3www.haygroup.comPsychological approaches to culture emphasize theshared and deeply-learned skills, habits of thinking,and mental models employed by individuals in anorganization.David McClelland’s social motives, which arecharacteristics of individuals, play a role in definingorganizational culture. For example, firmspopulated largely by individuals selected for a strongneed for achievement will emphasize theaccomplishment of short-term and tangible goals,often at the expense of longer-term aspirations.• Relationships and networksThe sociological and social psychological approachesemphasize group norms as a manifestation ofculture. Norms are the implicit standards and valuesthat evolve in working groups, and are reflected inthe rules of the game, often most visible insocialization processes. For instance, itmanifests itself in such advice given to newemployees to ‘keep your head down, don’tcreate conflicts, and you will be successful.’Hence, culture is a social phenomenonobserved in the behavioral patterns that arisewhen people interact: the language they use,the customs and traditions that evolve, and therituals they employ in a wide variety ofsituations. If you ask people about theirorganization’s culture, they may answer interms of relationships, for example: ‘We arevery competitive,’ ‘this is a command-and-control organization,’ or ‘we work as oneteam.’1 Hay Group conducted an extensive review of culture research including: Beyer (1987), Deal and Kennedy (1982),Douglas (1986), Gagliardi (1990), Geertz (1973), Goffman (1959, 1967), Hofstede (1984), Homans (1950), Jones,Moore, and Snyder (1988), Pondy, Frost, Morgan, and Dandridge (1983), Smircich (1983), Van Maanen (1976)Figure 2: The three dimensions of cultureCulture: three interdependentwebs of meaningIndividuals’motives andvaluesPeoplerelationshipsandnetworksOrganizationpurpose andmeaningFields of anthropologyand philosophy The collective and symbolicfabric of meaning in terms ofwhich people interpret theirexperience and guide theiractionField of sociology The form that actiontypically takes The pattern of social andpower interactionField of psychology The core goal , wants,and needs that peopleusually strive to reach andsatisfyPoint ofsharedmeaning
5www.haygroup.comNew game, new rulesChanging culture is a transformational journey. It’scertainly not an event. It takes time and self-awareness. Moreover, individuals and organizationscannot change if they cannot learn. Hence culturetransformation is really a journey of buildingawareness and alignment between where you aspireto be strategically and the three dimensions ofculture.The starting point is to understand the strategicrequirements of your organization: what type ofculture is needed to deliver the short- and long-termresults you desire? Leaders need to define the typesof behaviors that will be required to help theorganization be successful. Then, they need toprioritize the change levers that will produce themost impactful culture change and focus onsystematically implementing those catalysts forchange [see Figure 3]. Often the most impactful changes are focusedon realigning symbols and artifacts – theintangible levers of change – coupled withleadership acting as role models of the newculture.One of the biggest challenges in mostorganizations is that leadership behaviors,management systems, and organizationalsymbols send conflicting messages toemployees. For example, a company toutsitself as a ‘caring employer’ but employees areexpected to report for work even when theyare ill. Hence, it is critical to make sure thatconsistent messages are sent to reinforce thebehaviors that are needed at the individual,team, and organization levels.Figure 3: How to transform and align culture1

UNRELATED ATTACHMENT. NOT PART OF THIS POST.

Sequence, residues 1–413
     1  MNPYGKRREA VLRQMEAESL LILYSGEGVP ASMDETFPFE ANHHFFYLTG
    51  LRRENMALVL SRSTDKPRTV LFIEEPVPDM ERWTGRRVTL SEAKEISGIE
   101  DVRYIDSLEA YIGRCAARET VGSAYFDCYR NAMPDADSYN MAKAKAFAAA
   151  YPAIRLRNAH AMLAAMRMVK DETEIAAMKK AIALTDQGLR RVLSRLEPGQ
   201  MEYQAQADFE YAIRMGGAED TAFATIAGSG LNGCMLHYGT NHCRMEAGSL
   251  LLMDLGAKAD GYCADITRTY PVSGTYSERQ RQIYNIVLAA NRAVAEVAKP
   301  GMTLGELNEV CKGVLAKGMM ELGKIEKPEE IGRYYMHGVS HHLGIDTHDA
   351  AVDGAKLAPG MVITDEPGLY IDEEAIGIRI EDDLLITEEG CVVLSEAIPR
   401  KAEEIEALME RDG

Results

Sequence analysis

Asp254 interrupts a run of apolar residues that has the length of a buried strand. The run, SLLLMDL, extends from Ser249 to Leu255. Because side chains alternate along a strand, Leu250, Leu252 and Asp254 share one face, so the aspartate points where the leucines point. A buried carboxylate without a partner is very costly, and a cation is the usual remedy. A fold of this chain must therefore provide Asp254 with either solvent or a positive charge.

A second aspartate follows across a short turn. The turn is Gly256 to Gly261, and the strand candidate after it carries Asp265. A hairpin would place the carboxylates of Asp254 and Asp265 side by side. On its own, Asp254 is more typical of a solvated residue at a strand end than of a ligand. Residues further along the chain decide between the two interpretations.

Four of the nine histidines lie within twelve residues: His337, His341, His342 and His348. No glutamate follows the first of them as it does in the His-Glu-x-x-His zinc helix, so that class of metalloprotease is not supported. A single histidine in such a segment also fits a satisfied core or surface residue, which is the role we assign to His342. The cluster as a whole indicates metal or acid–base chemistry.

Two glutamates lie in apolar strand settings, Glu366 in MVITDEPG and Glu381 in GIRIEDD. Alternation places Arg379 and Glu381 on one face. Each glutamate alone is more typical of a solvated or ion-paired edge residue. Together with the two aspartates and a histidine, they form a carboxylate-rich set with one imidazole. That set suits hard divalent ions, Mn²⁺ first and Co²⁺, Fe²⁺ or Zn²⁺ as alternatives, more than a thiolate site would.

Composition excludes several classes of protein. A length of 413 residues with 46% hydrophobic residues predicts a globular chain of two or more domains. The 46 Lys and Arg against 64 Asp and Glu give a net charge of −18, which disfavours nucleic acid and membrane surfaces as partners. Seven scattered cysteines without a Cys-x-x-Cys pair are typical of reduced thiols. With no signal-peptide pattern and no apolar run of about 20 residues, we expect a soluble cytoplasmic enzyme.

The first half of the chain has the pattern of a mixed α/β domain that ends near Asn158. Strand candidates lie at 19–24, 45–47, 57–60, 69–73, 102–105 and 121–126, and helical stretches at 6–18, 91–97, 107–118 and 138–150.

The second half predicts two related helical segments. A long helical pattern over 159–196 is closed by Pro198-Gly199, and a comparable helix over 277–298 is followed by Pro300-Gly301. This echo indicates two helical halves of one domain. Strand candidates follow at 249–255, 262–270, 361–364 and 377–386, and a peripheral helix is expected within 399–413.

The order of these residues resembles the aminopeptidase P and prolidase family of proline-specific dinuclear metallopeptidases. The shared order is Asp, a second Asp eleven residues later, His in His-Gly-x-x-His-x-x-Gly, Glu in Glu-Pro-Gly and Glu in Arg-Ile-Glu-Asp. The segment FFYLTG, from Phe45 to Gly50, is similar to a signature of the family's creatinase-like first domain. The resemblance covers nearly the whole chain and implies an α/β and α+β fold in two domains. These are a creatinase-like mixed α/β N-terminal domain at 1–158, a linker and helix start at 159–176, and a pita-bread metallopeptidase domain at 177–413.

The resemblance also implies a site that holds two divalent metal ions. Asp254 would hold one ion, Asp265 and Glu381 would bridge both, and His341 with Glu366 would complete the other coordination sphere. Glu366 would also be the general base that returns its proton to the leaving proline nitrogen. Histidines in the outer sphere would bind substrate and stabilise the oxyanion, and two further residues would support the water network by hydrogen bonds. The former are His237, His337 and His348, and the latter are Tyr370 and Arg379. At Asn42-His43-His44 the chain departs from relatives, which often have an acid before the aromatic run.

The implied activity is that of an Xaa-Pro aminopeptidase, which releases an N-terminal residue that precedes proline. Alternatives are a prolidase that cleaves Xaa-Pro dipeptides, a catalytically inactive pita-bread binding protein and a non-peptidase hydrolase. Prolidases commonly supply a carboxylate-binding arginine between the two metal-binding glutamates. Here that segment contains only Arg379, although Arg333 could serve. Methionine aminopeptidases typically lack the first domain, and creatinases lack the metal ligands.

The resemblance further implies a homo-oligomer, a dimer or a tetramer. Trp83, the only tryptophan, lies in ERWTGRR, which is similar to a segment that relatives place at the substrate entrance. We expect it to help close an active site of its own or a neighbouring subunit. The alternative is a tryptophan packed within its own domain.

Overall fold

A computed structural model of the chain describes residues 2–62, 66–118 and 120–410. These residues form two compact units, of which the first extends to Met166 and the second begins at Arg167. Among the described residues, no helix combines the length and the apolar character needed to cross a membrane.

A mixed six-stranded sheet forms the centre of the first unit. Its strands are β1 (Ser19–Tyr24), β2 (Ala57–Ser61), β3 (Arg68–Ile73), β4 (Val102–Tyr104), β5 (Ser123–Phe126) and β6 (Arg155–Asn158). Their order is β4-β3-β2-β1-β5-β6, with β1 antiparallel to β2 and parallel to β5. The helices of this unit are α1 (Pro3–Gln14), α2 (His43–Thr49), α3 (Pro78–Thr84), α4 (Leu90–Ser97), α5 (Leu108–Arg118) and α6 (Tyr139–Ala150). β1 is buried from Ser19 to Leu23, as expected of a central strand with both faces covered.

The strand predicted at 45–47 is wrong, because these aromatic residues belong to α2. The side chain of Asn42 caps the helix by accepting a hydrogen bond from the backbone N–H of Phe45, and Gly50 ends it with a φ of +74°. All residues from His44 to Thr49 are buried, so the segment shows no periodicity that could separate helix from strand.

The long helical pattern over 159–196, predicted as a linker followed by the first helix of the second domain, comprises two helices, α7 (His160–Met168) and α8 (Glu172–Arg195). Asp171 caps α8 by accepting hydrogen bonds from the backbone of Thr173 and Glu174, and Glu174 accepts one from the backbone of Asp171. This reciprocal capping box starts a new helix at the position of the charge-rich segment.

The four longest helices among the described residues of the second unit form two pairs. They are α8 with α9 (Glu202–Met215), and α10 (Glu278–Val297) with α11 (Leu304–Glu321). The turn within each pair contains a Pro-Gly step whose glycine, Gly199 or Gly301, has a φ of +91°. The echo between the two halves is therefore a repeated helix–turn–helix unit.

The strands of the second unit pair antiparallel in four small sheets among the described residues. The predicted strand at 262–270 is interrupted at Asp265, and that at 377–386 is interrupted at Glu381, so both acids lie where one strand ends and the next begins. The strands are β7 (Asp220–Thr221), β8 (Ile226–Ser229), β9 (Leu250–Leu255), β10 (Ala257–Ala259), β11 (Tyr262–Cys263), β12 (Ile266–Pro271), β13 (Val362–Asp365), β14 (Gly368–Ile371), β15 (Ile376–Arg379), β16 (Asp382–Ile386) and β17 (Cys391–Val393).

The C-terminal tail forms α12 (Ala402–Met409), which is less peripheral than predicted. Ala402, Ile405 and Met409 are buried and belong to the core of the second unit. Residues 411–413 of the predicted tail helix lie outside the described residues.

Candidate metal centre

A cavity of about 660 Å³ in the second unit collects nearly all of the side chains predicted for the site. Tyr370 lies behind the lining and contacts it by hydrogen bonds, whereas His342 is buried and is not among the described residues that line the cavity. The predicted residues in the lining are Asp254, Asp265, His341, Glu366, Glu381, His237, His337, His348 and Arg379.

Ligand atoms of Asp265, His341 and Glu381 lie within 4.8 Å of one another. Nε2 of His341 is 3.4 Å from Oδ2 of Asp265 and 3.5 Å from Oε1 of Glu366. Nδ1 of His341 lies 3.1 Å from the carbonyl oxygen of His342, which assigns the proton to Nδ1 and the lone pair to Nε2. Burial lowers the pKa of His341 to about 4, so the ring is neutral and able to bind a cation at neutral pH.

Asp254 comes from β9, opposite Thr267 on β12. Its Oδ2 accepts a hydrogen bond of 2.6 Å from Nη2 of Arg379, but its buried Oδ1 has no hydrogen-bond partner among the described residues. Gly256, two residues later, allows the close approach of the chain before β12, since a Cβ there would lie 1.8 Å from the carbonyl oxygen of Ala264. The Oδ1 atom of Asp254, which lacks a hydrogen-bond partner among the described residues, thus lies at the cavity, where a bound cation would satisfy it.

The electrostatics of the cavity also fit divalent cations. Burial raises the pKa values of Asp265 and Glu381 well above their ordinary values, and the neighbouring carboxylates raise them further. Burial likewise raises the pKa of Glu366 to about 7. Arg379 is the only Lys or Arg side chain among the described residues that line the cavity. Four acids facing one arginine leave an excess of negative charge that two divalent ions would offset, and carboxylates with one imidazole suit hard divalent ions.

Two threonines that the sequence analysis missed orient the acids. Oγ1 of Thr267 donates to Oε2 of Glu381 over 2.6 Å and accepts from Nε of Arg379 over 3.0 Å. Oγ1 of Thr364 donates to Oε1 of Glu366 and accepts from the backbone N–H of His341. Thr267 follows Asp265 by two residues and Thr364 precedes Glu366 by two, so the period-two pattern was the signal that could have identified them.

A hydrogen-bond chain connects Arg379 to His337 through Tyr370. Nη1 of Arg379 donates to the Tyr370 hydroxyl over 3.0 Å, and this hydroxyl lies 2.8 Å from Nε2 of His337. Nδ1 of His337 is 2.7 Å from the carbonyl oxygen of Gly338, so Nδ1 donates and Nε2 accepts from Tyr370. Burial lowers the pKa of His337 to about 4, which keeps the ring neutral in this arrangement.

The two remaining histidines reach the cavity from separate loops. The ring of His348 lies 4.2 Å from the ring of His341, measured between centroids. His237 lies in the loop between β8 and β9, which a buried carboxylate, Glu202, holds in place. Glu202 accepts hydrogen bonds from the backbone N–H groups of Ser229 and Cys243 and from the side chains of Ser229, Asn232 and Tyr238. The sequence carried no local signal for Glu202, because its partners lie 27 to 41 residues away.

7www.haygroup.comWhen an organization’s culture needs tosignificantly evolve or adapt to the environment,effective leaders are the first ones to make the effortto demonstrate new behaviors, acknowledge whenthey fail, and show resilience to try again. Culturetransformation requires leaders that are engaged inlearning, risk-taking and re-affirming the behaviorsthat are expected in an organization.Leading culture transformation requires thewillingness to ‘go deep’ within oneself and theorganization. Helping others to change their beliefsand their behaviors requires a clear sense of self,emotional maturity, and determination to make thejourney over several months (and often years).Achieving successful changeCulture transformation is a journey that willchallenge the most resilient and experiencedexecutives and their leadership teams. But that doesnot mean that it is to be avoided. Effectivelyexecuted, it is a rewarding experience that leads tohighly-motivated employees, satisfied customers,and outstanding business results.Culture is extremely powerful when itsystematically and skillfully translates anorganization’s collective and individual beliefsinto consistent and effective behaviors.You can be successful if you follow theprinciples of culture transformation we haveoutlined in this paper:99 Go ‘deep’ to drive and sustain behaviorchange99 Align organizational culture to the businessstrategy99 Create shared meaning at the individual,social, and organizational levels99 Identify the key levers to help implementculture change99 Demonstrate self-awareness andcommitment to lead the transformationCulture transformation is a journey withouta final destination. If undertaken in the rightway, it is a process of continuous improvementand adaptation that will lead to increasedemployee engagement and improved businessperformance for everyone involved.About Hay Group’s global R&D centre for strategy executionHay Group’s global R&D centre for strategy execution researches best practices in strategyexecution globally. Based in Singapore, the centre provides a unique East-West perspective forbusiness leaders all over the world. Our research helps provide insightful advice to executiveslooking to build effective organizations for the future.ContactJeff Shiraki Vice-president, Hay Group E| email@example.comAndreas Raharso, Ph.D Director, Global R&D centre for strategy execution, Hay GroupE| firstname.lastname@example.orgAgnes Long Research associate, Global R&D centre for strategy execution, Hay GroupE| email@example.comHay Group’s Jean-Marc Laouchez, Katie Lemaire and Ruth Wageman also contributed on thispaper.